Measures of disability can be quite useful to policymakers. Information on prevalence, longitudinal course, and associated socioeconomic status can aid in service planning, resource distribution, and the assessment of enacted policies. The Federal Government collects some relevant information on disability in general, and psychiatric disabilities specifically. Several analyses have concluded, however, that these efforts contribute to a shallow and irregularly updated database.
The National Health Interview Survey (NHIS) is the Federal Government's most regular collection of information on disabilities. Conducted by the National Center for Health Statistics every 2 years, the NHIS collects data concerning existing impairments and activity limitations in noninstitutionalized individuals. Another source of information on disabilities is the Survey of Income and Program Participation (SIPP), conducted by the U.S. Census Bureau since 1983. SIPP is an ongoing study of the economic well-being of U.S. households. As part of the third round of interviews, data were collected on functional limitations, work limitations, and the receipt of Social Security or Veterans disability benefits. Finally, the Current Population Survey (CPS), in which the U.S. Department of Labor collects data on the work status of the population each month, solicits information on disability status in each March supplement.
NHIS, SIPP, and CPS provide limited information on disabilities in general; The data they provide on psychiatric disabilities are even more scant. To augment the Nation's database on disabilities in general and psychiatric disabilities specifically, a special survey to supplement the NHIS is under way. The survey was planned to provide a depth of data heretofore unknown in the field of disability statistics. In addition to information on health status, health care utilization, and activity limitation, the survey includes a variety of questions on impairments (e.g., severity, nature, onset, and duration), receipt of benefits, employment status, work accommodations, earnings, use of vocational rehabilitation services, social interactions, andself-perceptions of disability. The survey also provides an opportunity for longitudinal study. Furthermore, a group of experts developed a new section on psychiatric and cognitive impairments.
To improve the Nation's database on psychiatric disabilities, the Center for Mental Health Services (CMHS) has developed the Uniform Client Data Instrument (UCDI) to assess psychiatric disability. The UCDI incorporates questions on psychiatric symptomatology, daily activities, social functioning, behavioral problems at home and/or work, and substance abuse. The UCDI was incorporated into the National Medical Expenditures Survey (conducted in 1986; data not yet available). More recently, the UCDI was incorporated into a supplement to the NHIS; the data are described in table 3-6 (Not available). While much of the regular CMHS' data collection focuses on service providers and use, a current project--the Longitudinal Client Sample Survey of Outpatient Mental Health Programs--will include information on client functioning. But, Federal support for the collection, analyses, and reporting of national statistics on mental health services and client characteristics has been precarious over the last several years, in that it has not had an official budget of its own. Prior to fiscal year 1989, the program received funds from program management and support accounts at NIMH. Since that time, $5.1 million in fiscal year 1992 and $8.8 million in fiscal year 1993 came from a mental health block grant set-aside.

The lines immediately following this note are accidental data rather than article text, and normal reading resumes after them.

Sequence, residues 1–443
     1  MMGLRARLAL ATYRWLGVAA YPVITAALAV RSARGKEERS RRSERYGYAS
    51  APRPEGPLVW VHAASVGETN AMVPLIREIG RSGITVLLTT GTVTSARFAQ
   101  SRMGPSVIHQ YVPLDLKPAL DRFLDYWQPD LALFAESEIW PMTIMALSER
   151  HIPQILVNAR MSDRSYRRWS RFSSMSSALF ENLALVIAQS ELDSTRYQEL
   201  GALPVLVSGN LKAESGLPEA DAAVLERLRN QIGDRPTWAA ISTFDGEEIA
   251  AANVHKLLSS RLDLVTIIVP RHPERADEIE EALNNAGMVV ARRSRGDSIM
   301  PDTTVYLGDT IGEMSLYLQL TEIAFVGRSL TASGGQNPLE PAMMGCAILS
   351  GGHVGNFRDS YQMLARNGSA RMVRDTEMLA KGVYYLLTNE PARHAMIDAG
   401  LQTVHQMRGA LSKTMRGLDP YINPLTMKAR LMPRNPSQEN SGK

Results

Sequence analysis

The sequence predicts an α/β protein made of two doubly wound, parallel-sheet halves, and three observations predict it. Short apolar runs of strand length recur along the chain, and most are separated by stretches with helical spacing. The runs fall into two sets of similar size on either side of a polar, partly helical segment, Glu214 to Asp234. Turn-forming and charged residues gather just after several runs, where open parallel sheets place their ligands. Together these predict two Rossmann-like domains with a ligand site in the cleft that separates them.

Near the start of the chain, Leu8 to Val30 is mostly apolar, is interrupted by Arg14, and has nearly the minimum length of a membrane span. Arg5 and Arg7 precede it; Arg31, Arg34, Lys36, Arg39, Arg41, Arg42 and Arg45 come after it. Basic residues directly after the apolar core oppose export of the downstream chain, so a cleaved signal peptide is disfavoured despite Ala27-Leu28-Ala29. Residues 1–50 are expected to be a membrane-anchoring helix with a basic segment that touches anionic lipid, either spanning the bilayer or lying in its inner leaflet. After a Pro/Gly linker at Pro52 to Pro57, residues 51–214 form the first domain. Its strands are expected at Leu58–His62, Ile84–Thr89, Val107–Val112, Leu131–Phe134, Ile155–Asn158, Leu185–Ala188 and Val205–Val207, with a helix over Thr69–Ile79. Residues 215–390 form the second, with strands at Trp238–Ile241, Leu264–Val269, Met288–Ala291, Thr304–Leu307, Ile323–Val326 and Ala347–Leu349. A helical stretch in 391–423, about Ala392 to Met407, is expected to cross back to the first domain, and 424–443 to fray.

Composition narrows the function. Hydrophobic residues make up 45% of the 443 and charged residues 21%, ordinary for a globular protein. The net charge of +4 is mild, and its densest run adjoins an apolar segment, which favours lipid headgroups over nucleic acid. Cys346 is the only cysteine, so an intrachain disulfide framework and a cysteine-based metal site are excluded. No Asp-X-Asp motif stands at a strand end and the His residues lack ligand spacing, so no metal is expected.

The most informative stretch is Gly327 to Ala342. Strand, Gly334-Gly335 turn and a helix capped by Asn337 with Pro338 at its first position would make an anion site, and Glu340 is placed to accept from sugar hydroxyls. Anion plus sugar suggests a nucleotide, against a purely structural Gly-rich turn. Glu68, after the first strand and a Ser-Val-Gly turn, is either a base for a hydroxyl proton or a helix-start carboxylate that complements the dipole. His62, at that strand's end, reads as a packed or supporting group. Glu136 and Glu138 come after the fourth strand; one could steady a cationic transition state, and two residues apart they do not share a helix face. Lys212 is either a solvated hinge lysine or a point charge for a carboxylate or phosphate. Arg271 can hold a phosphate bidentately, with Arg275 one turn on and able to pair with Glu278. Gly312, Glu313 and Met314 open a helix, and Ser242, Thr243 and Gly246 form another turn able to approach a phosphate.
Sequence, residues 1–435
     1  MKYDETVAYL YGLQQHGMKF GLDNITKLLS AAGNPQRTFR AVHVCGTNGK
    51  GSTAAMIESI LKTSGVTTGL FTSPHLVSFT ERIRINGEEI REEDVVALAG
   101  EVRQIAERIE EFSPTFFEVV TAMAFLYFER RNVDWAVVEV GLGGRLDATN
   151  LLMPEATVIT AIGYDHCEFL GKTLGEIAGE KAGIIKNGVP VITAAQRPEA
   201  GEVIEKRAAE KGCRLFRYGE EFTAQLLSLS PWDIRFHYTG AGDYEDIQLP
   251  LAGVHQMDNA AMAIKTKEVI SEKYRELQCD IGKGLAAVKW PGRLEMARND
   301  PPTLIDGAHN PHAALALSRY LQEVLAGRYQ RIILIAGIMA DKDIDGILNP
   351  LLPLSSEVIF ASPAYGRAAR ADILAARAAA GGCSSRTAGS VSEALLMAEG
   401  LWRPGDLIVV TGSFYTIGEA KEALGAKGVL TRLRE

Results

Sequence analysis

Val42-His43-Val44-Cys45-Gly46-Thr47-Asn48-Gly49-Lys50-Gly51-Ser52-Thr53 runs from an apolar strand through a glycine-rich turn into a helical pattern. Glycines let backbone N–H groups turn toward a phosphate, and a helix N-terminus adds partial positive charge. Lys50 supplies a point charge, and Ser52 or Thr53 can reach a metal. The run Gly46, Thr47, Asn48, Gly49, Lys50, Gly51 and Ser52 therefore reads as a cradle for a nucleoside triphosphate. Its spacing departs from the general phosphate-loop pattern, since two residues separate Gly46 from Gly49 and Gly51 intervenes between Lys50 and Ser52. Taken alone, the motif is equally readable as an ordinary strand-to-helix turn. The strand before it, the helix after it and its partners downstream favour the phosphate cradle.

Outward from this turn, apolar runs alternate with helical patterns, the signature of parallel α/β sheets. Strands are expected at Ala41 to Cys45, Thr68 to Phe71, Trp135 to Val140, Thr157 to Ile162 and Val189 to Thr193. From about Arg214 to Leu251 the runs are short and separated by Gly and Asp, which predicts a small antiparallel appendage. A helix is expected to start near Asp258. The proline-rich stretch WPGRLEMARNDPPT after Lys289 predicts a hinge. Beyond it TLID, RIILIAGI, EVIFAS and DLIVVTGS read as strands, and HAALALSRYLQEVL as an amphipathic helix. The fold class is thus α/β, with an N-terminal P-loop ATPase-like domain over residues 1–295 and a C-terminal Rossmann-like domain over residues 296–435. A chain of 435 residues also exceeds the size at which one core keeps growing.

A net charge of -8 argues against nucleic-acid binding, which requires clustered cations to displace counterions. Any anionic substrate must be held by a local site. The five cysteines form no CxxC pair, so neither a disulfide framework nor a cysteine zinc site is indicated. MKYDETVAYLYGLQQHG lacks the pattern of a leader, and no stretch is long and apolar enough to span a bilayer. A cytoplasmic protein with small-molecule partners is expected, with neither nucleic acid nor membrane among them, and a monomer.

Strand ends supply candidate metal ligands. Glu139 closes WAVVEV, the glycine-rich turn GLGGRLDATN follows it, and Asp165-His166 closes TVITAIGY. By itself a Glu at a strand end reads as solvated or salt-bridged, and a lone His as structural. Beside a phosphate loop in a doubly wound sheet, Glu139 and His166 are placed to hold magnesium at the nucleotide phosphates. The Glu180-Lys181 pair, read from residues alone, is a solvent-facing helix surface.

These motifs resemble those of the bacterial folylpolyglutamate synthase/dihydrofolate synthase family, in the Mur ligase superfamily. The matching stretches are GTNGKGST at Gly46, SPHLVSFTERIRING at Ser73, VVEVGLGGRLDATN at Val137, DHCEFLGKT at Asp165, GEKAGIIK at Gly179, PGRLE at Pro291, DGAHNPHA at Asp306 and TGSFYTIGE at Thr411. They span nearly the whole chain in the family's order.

Information relating to the impact of the ADA on employment is not addressed by any of the ongoing or planned Federal surveys. Data are lacking on the hiring of people with psychiatric disabilities, discrimination and other problems in the workplace, or the attitudes of employers and employees about the ADA and psychiatric disabilities. Indeed, which people with mental disorders are covered by the ADA is not clear. Some analysts have suggested that the EEOC, which now collects information from large employers on the hiring of women and minorities, could monitor such trends among people with disabilities as well, to establish a statistical basis for discrimination. Also, surveys by Federal granting agencies, including the CMHS, NIMH, or the National Institute on Disability and Rehabilitation Research, could incorporate the ADA's definition of disability and ask questions about employment experiences.
Institute of Medicine, Disability in America: Toward a National Agenda for Prevention (Washington, DC: National Academy of Sciences, 1991); E.H. Yelin "The RecentHistory and Immediate Future of Employment Among Persons With Disabilities," The Americans With Disabilities Act: From Policy to Practice, J. West (ed.) (New York, NY: Milbank Memorial Fund, 1991); R. Manderscheid, Director, Division of State and Community Systems Development, Center for Mental Health Services, Substance Abuse and Mental Health Services Administration, Rockville, MD, personal communication, February 1993; M. Adler, Office of the Assistant Secretary for Planning and Evaluation, U.S. Department of Health and Human Services, Washington, DC, personal communication, January 1993.